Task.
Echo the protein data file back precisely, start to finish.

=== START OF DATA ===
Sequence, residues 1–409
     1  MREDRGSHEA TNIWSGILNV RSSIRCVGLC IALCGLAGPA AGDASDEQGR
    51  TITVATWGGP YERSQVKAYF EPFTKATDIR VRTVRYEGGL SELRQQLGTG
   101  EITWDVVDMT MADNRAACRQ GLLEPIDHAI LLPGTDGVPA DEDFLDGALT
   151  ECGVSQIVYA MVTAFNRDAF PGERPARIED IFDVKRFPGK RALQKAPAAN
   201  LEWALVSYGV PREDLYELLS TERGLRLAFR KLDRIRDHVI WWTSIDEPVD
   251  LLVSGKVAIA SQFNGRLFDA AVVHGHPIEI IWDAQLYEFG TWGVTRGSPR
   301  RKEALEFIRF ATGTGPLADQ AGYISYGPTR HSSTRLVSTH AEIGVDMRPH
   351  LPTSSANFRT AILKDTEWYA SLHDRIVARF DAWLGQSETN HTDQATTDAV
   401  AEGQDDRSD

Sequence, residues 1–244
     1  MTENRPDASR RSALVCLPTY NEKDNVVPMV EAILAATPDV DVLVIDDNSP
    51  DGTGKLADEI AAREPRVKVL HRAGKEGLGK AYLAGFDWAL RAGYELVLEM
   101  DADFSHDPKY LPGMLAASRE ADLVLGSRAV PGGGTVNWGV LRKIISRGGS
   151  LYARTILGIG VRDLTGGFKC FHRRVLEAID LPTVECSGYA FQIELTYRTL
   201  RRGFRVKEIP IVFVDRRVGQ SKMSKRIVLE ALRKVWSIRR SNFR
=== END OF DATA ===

Sequence, residues 1–409
     1  MREDRGSHEA TNIWSGILNV RSSIRCVGLC IALCGLAGPA AGDASDEQGR
    51  TITVATWGGP YERSQVKAYF EPFTKATDIR VRTVRYEGGL SELRQQLGTG
   101  EITWDVVDMT MADNRAACRQ GLLEPIDHAI LLPGTDGVPA DEDFLDGALT
   151  ECGVSQIVYA MVTAFNRDAF PGERPARIED IFDVKRFPGK RALQKAPAAN
   201  LEWALVSYGV PREDLYELLS TERGLRLAFR KLDRIRDHVI WWTSIDEPVD
   251  LLVSGKVAIA SQFNGRLFDA AVVHGHPIEI IWDAQLYEFG TWGVTRGSPR
   301  RKEALEFIRF ATGTGPLADQ AGYISYGPTR HSSTRLVSTH AEIGVDMRPH
   351  LPTSSANFRT AILKDTEWYA SLHDRIVARF DAWLGQSETN HTDQATTDAV
   401  AEGQDDRSD

Sequence, residues 1–244
     1  MTENRPDASR RSALVCLPTY NEKDNVVPMV EAILAATPDV DVLVIDDNSP
    51  DGTGKLADEI AAREPRVKVL HRAGKEGLGK AYLAGFDWAL RAGYELVLEM
   101  DADFSHDPKY LPGMLAASRE ADLVLGSRAV PGGGTVNWGV LRKIISRGGS
   151  LYARTILGIG VRDLTGGFKC FHRRVLEAID LPTVECSGYA FQIELTYRTL
   201  RRGFRVKEIP IVFVDRRVGQ SKMSKRIVLE ALRKVWSIRR SNFR